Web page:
After filing an EEOC charge, this is what happens

Frank S. Clowney III

Filing your Equal Employment Opportunity Commission (EEOC) charge against your employer is scary. You probably already tried to talk to your employer about the employment discrimination, and they did not help. You might be afraid of losing your job, and you probably consulted with an employment lawyer before filing the charge. So, after filing, what happens?

You can keep track of your case online

Since 2016, the EEOC has maintained an online portal that allows everyone involved with the case to submit their filings online, including documentation and proof. It also allows for the parties to keep track of the case.

As such, your first step is to register an account with the EEOC Public Portal. When you log in after registering, your case will automatically load. You can then load all of the information you have, and monitor your case as it proceeds.

What should I update or upload?

The first thing you should confirm is your San Diego County contact information. Make sure it is up to date. Next, if you are represented by an attorney, let the EEOC and your employer know by uploading a letter of representation. Next, if you have documents that prove your case, submit those as well.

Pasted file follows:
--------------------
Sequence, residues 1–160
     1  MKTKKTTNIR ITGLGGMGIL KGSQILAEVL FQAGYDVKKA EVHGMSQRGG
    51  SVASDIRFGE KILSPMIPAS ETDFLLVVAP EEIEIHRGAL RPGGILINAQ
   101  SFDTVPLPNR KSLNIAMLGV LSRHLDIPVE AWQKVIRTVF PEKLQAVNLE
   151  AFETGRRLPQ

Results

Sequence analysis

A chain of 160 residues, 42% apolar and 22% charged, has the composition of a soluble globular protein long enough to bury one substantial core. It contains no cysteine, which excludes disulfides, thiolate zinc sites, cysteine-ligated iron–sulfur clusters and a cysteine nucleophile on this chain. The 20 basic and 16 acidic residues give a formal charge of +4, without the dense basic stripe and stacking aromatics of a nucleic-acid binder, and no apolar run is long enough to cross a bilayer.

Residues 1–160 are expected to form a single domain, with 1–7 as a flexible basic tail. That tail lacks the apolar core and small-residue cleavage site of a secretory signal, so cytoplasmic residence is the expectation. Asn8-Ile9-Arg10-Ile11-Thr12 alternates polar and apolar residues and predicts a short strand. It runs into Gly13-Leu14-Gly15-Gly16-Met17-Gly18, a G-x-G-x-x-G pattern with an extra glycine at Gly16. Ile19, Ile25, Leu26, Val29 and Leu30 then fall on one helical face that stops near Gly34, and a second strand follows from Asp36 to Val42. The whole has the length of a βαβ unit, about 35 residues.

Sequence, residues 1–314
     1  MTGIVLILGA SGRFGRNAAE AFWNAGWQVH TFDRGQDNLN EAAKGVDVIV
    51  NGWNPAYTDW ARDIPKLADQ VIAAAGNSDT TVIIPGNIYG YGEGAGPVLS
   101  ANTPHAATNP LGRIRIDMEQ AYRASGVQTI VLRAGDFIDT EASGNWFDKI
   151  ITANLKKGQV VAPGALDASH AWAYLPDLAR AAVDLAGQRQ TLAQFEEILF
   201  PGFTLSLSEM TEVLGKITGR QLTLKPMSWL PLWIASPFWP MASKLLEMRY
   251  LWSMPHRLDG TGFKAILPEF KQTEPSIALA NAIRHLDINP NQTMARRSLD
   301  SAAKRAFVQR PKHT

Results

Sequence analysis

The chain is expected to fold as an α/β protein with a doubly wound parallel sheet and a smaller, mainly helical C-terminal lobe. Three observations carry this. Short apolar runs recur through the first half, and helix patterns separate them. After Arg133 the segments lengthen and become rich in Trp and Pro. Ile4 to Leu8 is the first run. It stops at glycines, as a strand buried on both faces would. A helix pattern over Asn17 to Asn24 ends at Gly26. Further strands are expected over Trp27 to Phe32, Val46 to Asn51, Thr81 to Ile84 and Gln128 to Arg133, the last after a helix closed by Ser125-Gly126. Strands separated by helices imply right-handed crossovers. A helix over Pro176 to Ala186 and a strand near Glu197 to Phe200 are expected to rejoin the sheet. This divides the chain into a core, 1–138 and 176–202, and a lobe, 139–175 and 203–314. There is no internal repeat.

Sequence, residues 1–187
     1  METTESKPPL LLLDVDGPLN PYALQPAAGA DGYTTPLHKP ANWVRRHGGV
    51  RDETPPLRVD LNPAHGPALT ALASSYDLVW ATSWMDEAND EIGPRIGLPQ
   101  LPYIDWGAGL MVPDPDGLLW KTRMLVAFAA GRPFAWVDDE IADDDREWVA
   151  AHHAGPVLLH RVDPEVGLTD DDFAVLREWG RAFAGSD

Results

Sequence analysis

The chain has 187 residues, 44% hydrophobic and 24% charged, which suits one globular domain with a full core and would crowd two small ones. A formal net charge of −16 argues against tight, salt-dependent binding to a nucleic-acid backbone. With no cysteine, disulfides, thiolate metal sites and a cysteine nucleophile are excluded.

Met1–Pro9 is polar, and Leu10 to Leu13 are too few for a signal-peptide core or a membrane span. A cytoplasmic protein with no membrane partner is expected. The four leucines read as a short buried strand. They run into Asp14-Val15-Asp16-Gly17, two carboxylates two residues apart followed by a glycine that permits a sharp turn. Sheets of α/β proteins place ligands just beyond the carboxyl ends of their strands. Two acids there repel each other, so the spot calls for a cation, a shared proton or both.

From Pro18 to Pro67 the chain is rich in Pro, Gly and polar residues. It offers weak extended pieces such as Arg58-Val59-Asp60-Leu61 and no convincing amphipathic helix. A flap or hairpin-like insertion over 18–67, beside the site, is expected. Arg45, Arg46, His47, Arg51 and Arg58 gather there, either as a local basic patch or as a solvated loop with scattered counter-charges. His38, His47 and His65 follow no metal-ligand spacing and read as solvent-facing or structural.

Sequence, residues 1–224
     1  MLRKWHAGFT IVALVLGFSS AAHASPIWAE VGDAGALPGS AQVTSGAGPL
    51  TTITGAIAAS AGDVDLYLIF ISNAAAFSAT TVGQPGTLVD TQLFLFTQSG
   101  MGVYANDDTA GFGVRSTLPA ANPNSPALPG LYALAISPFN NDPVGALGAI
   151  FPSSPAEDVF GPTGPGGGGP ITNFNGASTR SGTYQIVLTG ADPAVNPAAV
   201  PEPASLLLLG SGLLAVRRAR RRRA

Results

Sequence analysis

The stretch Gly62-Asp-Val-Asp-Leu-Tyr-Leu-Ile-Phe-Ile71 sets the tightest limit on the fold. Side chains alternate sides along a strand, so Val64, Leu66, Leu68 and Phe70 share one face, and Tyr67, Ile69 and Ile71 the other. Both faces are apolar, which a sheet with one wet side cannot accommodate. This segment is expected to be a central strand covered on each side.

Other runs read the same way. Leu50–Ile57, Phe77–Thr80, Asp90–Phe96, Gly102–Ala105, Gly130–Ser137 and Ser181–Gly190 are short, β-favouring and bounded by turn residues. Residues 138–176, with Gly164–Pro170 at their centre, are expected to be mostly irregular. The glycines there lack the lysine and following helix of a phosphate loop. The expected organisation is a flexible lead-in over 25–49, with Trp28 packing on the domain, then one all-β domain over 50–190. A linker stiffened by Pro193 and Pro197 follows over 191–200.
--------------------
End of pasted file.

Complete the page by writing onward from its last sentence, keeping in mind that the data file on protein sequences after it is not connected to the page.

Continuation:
First notice

Within about a week or two, your employer will receive notice from the EEOC that you filed your charge against them. This notice will contain a few items. It will request that the employer make an official statement about your charges, and offer both parties the option to mediate the claim.

Wait, mediation?

Yes. The EEOC has an official mediation process, in which independent and EEOC-trained third parties mediate your charge. Unlike arbitration or an administrative hearing, the mediator does not make any findings or rule.

Instead, they are only there to see if the parties can agree on a solution. The process usually only takes a few hours, and since it is confidential unless the discrimination charge is egregious, most lawyers recommend at least trying mediation.

After the notice, but before the investigation

Before the EEOC investigator begins their investigation, they will do a preliminary check to see if your claims are enforceable by the EEOC. In addition, they will check to make sure you filed within the required timeline after the last discrimination incident.

If they find that either they do not have the power to make a finding on the charge or that it was not filed in a timely manner, they will close the case, send a notice to the San Diego, California, parties and update the portal with the updated information. Then they will start the investigation, which generally, lasts approximately 10 months.